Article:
A sting in the tale: 'secret deal' splits country's top beekeepers


For generations, beekeeping has been one of the most genteel of pastimes - a world of flower meadows, village fêtes and white-veiled enthusiasts pottering around, puffing smoke into hives.

For generations, beekeeping has been one of the most genteel of pastimes - a world of flower meadows, village fêtes and white-veiled enthusiasts pottering around, puffing smoke into hives.

No longer. A bitter dispute is tearing the British beekeeping world in two. There has been dark talk of secret deals with big business, pickets of meetings, open rebellions by infuriated bee- keepers and now a plot to form a breakaway association.

The controversy centres on a series of deals agreed behind closed doors between the country's largest amateur body, the British Beekeepers' Association (BBKA), and four of the world's largest agro-chemicals companies.

To the dismay of many beekeepers, the BBKA has agreed to sponsor several pesticides that can be lethal to bees. Firms such as Syngenta, FMC, Bayer and BASF now boast they are endorsed as "bee friendly" by the BBKA. In return, the association has earned tens of thousands of pounds, funding a Syngenta-sponsored beekeeping book for schools, a beekeeping display, and roof repairs to the BBKA's Warwickshire headquarters.

According to the rebels, these are deals with the devil. Furious at the association's decision to make them without consulting its members, they allege these pesticides are to blame for wiping out hives.

The Pesticides Safety Directorate (PSD), the official government agency, recorded 372 suspicious poisonings of honey bees, some involving entire hives of thousands, between 1994 and 2003, with pesticides to blame in more than 120 cases. And, critics claim, these figures disguise the true number of poisonings, since many others go unnoticed and unreported.

George Eames, secretary of the Durham Beekeepers' Association, said he first learnt of the sponsorship deal when it appeared in the BBKA accounts two years ago. "We don't think we should be sponsoring pesticides. It's not ethically right that we should be receiving money from these multinationals, because it goes hand in hand with GM technology."

Glyn Davies, the BBKA's president, defended the deals and insisted they had gained valuable influence with the pesticides industry by taking up the sponsorship. The products it endorsed were selected by the BBKA because they were relatively "benign" if properly used.

"It's not that they're non-toxic. Of course they're toxic to bees. What matters is the formulation, the spraying techniques, and the time of spraying, all these highly technical issues which in the end result in virtually zero hive deaths," he said.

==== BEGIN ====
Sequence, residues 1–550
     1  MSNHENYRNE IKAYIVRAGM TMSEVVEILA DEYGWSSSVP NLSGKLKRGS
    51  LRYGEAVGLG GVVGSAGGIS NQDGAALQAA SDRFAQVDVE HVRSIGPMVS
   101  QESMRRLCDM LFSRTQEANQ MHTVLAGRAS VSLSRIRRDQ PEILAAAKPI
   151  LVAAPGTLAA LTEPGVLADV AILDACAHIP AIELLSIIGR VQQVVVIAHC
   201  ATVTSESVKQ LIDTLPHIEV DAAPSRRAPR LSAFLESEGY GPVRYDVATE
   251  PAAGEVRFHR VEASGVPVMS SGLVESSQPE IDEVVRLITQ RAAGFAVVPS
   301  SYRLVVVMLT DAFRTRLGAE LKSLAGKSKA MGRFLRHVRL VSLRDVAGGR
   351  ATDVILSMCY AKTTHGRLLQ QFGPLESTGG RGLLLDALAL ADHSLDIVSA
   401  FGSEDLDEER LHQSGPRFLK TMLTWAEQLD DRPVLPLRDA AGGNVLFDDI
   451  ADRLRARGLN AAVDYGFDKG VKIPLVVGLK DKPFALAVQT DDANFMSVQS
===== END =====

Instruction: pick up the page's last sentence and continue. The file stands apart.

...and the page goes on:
He insisted no honey bees had been killed by the pesticides endorsed. ButThe Independent on Sunday has found that the PSD has blamed the same types of pesticide for a number of the 120 proven bee poisoning cases.

Mr Davies added: "This relationship with the agro-chemical companies will benefit us financially, there's no doubt about it. But I don't think this is immoral because we have a valid opinion to give, and in our society opinions are worth money."

More than a dozen of the BBKA's local associations rebelled earlier this year, demanding it scrap sponsorship deals, but the motion was defeated by 30 votes to 13. Now several rebel groups are talking to an independent group, the Mid Bucks Beekeepers' Association, about setting up a rival body. Peter Smith, vice president of the Mid Bucks group, said: "A lot of people are against pesticides, and the way this was done. I feel we need another, good strong national organisation."

Their campaign is being supported by the environmental group Pesticides Action Network. Alison Craig, its co-ordinator, said it was "completely and utterly absurd" for Mr Davies to claim the association now had any real influence over the industry. "Its whole motivation is to sell as much of their product as they can.

"If the BBKA wanted to get close to any industry, it should be the farmers and sprayers by asking for a routine system where every spraying is notified in advance.

"The BBKA is being used by the pesticides industry. They've totally lost their credibility by doing this. They should be the protectors of bees, but instead, they're selling them down the river."


* Europeans have kept honey bees for millennia. The hardy native black bee, Apis mellifera mellifera, is still the most common in Britain, but many breeders like the more docile Italian variety.

* A typical hive in summer has about 60,000 honey bees, including one queen, 250 drones, 20,000 worker bees and 40,000 house bees. One hive can produce up to 100lb of surplus honey.

* A worker bee will live for six to eight weeks, foraging for three weeks for pollen, nectar and water.

* For each pound of honey, a bee can fly the equivalent of twice round the world, making 500 trips, to 10,000 flowers, within four miles of the hive.

* Bees use honey mainly to fuel their wing muscles and feed the hive. Flying at up to 22mph, fuel consumption is 7 million miles per gallon.

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